Jenifer Watkins says she lost two years of her life after she was hit by a driver who was using a cellphone.
"The last thing I remember is stopping," she said. "The next thing I remember is waking up days later, not knowing where I was."
The result was multiple surgeries to repair broken bones and damaged organs and two years of physical therapy to recover.
Department of Public Safety Director Chris Perry said some 50 people have died in the past five years in accidents attributed to distracted driving. He said 20,000 accidents on Nevada roads have been blamed on distracted drivers during that same period.
A law banning cellphone use by motorists, authored by Sen. Shirley Breeden, D-Las Vegas, and signed by Gov. Brian Sandoval, takes effect in two stages:
- Beginning Saturday, law enforcement officers can stop and give a written warning to drivers they see using a phone or texting.
- Starting Jan. 1, officers will cite drivers for using their phone while driving, imposing fines of up to $250.
Hands-free headsets can still be legally used by drivers to make and receive calls. Texting is completely barred under the law.
But Perry said drivers would be better off just putting the phone away while driving. Perry also warned against stopping alongside the road to make or take a call, saying that's not a safe place to be. That's where Watkins was when the vehicle she was in was hit from behind by a driver on a cellphone.
"This law will save lives in Nevada," said Breeden.
"It's about time," said Carson Undersheriff Steve Albertson of the new law. "You see it every day, people on the phone. But what's worse is texting or reading their messages.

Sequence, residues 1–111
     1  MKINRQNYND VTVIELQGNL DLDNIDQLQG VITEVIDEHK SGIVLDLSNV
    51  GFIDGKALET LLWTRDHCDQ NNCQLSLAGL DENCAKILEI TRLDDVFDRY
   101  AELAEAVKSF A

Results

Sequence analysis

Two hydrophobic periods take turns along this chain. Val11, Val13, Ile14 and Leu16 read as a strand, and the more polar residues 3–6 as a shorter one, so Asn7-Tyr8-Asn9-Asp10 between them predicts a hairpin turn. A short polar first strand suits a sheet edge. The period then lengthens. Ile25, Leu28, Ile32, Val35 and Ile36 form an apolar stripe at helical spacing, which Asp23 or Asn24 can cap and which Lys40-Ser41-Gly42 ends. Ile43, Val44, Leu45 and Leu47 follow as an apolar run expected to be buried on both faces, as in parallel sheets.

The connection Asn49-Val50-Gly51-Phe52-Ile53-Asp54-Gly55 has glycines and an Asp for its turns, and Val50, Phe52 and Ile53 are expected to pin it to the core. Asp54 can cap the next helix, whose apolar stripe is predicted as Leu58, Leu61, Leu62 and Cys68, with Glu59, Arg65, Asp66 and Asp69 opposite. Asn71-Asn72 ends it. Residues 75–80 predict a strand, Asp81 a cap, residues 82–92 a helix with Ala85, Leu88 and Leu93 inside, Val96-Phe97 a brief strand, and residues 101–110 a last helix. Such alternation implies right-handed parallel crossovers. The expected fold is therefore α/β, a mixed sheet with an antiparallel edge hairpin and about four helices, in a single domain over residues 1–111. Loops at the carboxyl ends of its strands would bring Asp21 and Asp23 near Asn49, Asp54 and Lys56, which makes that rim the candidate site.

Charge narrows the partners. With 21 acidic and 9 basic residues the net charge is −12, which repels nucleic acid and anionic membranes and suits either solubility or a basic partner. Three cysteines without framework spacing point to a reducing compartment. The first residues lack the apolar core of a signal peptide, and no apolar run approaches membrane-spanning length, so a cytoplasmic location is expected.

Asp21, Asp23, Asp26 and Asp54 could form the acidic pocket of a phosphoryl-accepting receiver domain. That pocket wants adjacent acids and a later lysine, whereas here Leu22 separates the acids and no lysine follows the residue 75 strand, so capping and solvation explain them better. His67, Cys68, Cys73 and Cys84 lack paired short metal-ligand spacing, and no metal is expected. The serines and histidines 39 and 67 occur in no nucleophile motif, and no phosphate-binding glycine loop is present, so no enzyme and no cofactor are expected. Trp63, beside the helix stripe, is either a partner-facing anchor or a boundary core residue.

"Nothing is that important that you can't stop. There are already too many distractions out there."
Capt. Fred Thompson of the Henderson Police Department said his officers see "way too many" people on the phone or texting, and he believes the new law will give them the ability to do something about it.
J. Armando Avina, public information officer for the Washoe Sheriff's Department, said it's important for the public to get behind the new law and support law enforcement officers as they begin enforcing it.
"Now we're going to be able to cite," he said. "We hope we don't see it. We want people to start changing their patterns."
Sandoval said shortly after signing the law that he needed to get his wife, first lady Kathleen Sandoval, a headset.
"I did, and she's using it," he said Thursday, adding that he also bought one for his 16-year-old son.
"I can't speak and text at the same time, so I don't know how people can drive and text at the same time," said Sandoval.
David Strickland, head of the National Highway Traffic Safety Administration, said the law gives Nevada one of the nation's toughest anti-cell/text laws in the nation. He said that in 2009 alone, 20 percent of the 1.5 million injury accidents in the nation were at least partly caused by distracted driving and that a large percentage of those involved cellphones.
The law does, however, contain several exceptions to the ban including for any person reporting to report an emergency, safety hazard or criminal activity. Law enforcement and other emergency personnel using a phone in the line of duty are also exempted from the ban, as are utility employees and contractors responding to an emergency.